Stormy Night, the first elephant seal pup rescue of the 2017 season, is coming right along in her rehabilitation. She's active and vocal, but hasn't taken much interest in snapping up fish yet. She continues on tube feeding. She gets three 1,000-cc (about a quart) servings of an elephant seal formula fish-shake made of sustainably caught Alaskan herring, ground up and seasoned with salmon oil, thinned with water, each day.
|Stormy Night, photo by Bill Hunnewell © The Marine Mammal Center|
This rich formula is helping her gain the weight she needs to return to her wild home. She now weighs 101 pounds, up from the 76 pounds she weighed when she was rescued.
She needs to learn to catch and eat fish before she can be safely released into the ocean. She shows some interest when the staff and volunteers at The Marine Mammal Center in Sausalito offer her fish.
Her whiskers, vibrissae, extend forward, a good sign. "Veterinary staff are hopeful she soon will take the next step and start identifying fish as a food source," said Diana Kramer, director of the Morro Bay center.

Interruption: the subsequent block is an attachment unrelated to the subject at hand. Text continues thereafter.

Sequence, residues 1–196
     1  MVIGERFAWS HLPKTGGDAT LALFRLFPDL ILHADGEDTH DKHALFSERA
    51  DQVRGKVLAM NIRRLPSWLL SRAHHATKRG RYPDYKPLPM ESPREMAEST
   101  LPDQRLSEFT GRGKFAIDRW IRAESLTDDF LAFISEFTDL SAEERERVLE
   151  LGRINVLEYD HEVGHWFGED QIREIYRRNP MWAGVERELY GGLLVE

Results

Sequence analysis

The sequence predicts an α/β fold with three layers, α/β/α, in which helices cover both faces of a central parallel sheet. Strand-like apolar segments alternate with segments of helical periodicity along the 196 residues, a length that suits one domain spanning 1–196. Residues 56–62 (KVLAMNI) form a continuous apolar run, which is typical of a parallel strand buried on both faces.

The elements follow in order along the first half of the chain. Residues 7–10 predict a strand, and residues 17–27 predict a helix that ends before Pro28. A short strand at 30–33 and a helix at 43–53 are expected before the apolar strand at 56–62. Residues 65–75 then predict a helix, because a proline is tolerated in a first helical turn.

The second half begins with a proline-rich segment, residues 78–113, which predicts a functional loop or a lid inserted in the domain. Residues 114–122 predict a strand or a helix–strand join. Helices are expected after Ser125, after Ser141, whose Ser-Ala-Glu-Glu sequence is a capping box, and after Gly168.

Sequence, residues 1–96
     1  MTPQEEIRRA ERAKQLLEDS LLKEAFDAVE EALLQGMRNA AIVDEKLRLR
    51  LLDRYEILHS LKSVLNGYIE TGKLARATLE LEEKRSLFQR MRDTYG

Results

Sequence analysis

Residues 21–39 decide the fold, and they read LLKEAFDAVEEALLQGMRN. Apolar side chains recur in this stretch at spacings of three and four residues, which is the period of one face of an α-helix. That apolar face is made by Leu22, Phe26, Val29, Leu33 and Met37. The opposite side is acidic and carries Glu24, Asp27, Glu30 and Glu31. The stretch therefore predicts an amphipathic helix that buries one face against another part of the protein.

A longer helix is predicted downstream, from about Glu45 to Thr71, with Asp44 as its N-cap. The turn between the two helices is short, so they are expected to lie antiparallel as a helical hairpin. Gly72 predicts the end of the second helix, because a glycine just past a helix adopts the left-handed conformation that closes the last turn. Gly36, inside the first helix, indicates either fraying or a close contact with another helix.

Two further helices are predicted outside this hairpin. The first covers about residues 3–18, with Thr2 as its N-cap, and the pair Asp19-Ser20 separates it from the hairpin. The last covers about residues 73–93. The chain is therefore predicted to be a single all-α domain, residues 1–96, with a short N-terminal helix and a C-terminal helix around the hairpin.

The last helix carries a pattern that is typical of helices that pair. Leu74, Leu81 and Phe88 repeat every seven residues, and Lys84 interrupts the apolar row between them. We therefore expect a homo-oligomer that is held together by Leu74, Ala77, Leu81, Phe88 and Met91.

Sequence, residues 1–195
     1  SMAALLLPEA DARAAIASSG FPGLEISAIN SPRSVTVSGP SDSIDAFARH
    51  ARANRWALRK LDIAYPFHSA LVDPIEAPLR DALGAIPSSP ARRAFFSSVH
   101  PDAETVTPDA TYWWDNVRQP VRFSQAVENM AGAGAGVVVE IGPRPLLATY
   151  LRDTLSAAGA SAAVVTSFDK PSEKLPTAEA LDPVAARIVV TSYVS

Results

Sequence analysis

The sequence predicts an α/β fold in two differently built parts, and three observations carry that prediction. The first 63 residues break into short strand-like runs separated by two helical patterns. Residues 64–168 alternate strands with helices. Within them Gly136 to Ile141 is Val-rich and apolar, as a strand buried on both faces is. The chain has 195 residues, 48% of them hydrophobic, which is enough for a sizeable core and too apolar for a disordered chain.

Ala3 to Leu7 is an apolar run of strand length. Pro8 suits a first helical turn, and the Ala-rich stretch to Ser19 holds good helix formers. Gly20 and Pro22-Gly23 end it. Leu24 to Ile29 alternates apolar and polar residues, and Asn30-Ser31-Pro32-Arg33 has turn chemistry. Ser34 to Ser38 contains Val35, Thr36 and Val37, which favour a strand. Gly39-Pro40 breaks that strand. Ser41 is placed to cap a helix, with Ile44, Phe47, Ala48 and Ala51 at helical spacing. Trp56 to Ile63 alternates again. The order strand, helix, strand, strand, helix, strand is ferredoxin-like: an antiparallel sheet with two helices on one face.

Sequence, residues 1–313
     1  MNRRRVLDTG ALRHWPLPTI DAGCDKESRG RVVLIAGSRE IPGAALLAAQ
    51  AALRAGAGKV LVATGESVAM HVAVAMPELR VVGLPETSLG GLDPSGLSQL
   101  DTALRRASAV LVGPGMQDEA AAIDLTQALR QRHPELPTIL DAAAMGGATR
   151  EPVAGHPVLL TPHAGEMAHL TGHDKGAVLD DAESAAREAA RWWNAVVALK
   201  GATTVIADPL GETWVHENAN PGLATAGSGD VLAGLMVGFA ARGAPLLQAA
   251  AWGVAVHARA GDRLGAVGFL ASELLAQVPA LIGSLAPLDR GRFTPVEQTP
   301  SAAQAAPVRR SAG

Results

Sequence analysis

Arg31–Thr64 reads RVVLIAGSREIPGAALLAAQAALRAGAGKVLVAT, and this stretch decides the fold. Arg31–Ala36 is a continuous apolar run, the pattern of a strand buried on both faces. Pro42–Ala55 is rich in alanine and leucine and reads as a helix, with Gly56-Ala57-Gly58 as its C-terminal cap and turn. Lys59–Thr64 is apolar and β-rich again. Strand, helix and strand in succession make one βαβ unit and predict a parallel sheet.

Hartley, the pup who was rescued from the pile of driftwood and kelp north of the Piedras Blancas lighthouse, completed fish school in late March. "She was actively tracking fish and biting them off the string in fish school," Diana said.
|Hartley, photo by Bill Hunnewell © The Marine Mammal Center|
He's learning to take hand feeding of herring three times a day. "He's working on positioning and swallowing technique," she said. "He's making significant progress daily."
All that fish is helping him gain weight. He's now up to 83 pounds. He's progressing well and will probably be eating on his own soon.
All this care is expensive. TMMC is rescuing eight to ten seals a day. This is their busy season. Presently, over 90 elephant seals and more than 20 other marine mammals are patients at the hospital. They eat more than 500 pounds of food a day, at about a dollar a pound. They welcome donations.